Is there a way to evaluate a string and see if it evaluates to a word in English? Here is what I am looking for

is.word("hello world")
[1] FALSE

is.word(c("hello", "world")
[1] TRUE TRUE

The above does not work as there is no is.word logical function.

  • 6
    You would need an English dictionary of words to check against. – Pierre Lafortune Dec 29 '15 at 16:16
  • 4
    What exactly do you consider a word? What about "selfie", "l8tr", "hola", "o"? – MrFlick Dec 29 '15 at 16:24
  • as Pierre pointed out, I need to evaluate if this is a valid English word. A solution was suggested to look for string without space and call it a word. That is nice to know but not what i am looking for. – seakyourpeak Dec 29 '15 at 16:39
  • 2
    So what have been your attempts at a solution? – Rich Scriven Dec 29 '15 at 16:43
up vote 9 down vote accepted

As the comments have pointed out, you need an English dictionary to match against. The gradyAugmented object in the qdapDictionary package is one such dictionary:

A dataset containing a vector of Grady Ward's English words augmented with ‘DICTIONARY’, Mark Kantrowitz's names list, other proper nouns, and contractions.

library(qdapDictionaries)
is.word  <- function(x) x %in% GradyAugmented
is.word(c("hello world"))
## [1] FALSE
is.word(c("hello", "world"))
## [1] TRUE TRUE
is.word(c("asfasdf"))
## [1] FALSE

No, there is no such function in R.

Although you can easily implement naïve approach that will work in 9 out of 10 cases.

Custom solution

First of all, you need a dictionary of "words" that you will match your data against. One such dictionary is compiled by GNU people and distributed under open source license at SCOWL (And Friends) website.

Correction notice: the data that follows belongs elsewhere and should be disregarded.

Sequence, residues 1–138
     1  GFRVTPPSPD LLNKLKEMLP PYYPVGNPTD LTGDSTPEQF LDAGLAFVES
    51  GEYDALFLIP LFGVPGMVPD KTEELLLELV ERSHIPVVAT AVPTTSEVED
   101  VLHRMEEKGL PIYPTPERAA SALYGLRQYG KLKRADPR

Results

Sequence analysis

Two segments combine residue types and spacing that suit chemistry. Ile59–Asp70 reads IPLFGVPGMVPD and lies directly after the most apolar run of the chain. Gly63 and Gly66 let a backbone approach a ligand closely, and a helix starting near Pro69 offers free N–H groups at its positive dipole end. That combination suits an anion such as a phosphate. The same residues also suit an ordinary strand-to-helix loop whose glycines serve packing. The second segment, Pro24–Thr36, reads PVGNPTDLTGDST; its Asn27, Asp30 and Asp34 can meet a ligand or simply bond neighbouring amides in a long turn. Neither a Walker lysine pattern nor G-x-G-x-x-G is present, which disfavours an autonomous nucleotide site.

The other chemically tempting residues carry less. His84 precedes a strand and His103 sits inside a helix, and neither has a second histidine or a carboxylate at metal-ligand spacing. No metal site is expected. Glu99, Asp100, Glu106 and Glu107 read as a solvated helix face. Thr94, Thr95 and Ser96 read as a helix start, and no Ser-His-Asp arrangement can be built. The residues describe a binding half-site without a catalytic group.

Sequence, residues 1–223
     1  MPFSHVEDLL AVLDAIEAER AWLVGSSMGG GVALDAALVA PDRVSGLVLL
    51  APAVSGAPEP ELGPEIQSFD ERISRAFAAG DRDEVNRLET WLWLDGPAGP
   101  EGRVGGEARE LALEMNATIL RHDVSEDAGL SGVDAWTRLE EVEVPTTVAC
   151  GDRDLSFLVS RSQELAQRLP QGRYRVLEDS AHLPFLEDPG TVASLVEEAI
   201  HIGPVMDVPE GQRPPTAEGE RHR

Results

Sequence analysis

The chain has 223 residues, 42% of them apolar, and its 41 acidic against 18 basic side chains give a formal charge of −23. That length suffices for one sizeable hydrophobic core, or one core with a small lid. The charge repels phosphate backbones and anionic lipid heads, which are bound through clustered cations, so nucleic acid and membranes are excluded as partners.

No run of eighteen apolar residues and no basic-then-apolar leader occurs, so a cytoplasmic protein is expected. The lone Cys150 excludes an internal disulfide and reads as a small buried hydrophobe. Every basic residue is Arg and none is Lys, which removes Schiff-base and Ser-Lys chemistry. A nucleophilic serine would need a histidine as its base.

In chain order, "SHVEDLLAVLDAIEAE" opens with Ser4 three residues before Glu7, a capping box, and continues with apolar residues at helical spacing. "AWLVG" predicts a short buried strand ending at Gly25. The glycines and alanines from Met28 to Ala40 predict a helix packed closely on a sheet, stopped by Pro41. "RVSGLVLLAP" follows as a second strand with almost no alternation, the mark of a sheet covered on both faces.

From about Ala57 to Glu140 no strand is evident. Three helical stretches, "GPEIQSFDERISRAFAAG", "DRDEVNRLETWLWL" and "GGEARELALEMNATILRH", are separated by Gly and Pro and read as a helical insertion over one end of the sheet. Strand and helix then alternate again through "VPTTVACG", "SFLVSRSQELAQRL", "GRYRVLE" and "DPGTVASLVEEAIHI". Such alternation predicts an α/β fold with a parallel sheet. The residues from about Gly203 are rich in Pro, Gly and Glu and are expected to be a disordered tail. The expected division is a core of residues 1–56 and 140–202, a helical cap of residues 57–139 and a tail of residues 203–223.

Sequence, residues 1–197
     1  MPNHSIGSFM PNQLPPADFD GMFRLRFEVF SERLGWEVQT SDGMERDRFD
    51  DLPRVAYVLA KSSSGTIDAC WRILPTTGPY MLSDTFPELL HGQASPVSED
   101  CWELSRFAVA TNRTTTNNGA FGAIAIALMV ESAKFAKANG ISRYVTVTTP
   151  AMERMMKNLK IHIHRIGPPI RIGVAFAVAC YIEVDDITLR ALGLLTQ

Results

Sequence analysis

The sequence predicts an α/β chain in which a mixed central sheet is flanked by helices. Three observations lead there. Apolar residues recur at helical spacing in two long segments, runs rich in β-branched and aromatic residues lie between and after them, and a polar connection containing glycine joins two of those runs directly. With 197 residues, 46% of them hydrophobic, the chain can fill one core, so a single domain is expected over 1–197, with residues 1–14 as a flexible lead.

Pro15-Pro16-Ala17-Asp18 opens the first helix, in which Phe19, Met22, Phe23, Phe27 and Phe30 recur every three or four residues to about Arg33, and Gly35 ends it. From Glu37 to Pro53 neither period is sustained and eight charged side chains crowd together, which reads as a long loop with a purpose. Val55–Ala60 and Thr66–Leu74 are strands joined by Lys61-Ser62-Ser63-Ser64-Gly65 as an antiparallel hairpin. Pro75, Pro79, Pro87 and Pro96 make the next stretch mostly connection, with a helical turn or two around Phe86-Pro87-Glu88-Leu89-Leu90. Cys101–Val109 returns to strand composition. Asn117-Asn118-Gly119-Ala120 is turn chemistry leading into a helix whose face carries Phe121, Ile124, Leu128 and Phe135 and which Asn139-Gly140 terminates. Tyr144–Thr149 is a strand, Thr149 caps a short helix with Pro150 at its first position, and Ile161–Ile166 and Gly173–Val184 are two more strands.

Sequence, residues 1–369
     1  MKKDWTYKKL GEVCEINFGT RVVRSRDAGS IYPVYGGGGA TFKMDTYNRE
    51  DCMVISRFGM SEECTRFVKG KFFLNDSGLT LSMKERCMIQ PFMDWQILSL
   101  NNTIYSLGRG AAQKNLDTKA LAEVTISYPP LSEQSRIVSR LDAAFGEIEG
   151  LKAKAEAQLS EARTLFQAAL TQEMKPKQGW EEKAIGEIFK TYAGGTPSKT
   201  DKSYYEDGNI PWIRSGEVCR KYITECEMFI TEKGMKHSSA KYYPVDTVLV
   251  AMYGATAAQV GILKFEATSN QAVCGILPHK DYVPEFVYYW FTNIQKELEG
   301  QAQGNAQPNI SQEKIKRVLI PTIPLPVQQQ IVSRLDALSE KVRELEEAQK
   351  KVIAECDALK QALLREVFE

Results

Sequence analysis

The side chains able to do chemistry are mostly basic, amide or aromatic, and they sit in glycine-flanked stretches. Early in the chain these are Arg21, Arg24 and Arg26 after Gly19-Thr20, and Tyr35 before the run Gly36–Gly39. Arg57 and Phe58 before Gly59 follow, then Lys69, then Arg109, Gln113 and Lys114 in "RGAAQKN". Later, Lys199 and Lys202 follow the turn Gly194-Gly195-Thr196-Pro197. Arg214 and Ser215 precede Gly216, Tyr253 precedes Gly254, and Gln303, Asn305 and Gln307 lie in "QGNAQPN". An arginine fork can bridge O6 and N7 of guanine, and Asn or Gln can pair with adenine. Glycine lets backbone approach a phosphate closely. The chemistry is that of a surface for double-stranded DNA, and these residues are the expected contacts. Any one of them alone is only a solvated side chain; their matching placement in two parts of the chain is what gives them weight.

Download data file and unzip it. Words are scattered across multiple files with suffix indicating region, category and commonness (or probability that everyday English user will not be familiar with word). Using list.files() function with pattern argument, or grepl() function, you can select exact set of dictionaries that you care about.

# set path to extracted package
words.dir <- '/tmp/scowl-2015.08.24/final/'
words <- unlist(sapply(list.files(words.dir, pattern='[1-6][05]$', full.names=TRUE), readLines, USE.NAMES=FALSE))
# For some reason most frequent words are not in "final" dir…
words <- c(words, readLines(paste0(words.dir, '../r/special/frequent')))
length(words)
# [1] 143681

Then verifying if word is English is as easy as checking if it exists in vector of known words. The nice thing is that you get vectorization for free.

c("knight", "stack", "selfie", "l8er", "googling", "echinuliform") %in% words
# [1]  TRUE  TRUE  TRUE FALSE  TRUE  FALSE

Core problem

The real problem is "what counts as word?". Does "googling" count as word? It is commonly used now, but that wasn't a case 15 years ago. And what about "echinuliform"? I guess that plenty of native speakers wouldn't understand it.

Discussing this issue falls outside of scope of this website, but there is some arbitrariness in language and currently no computer program is able to cope with that.

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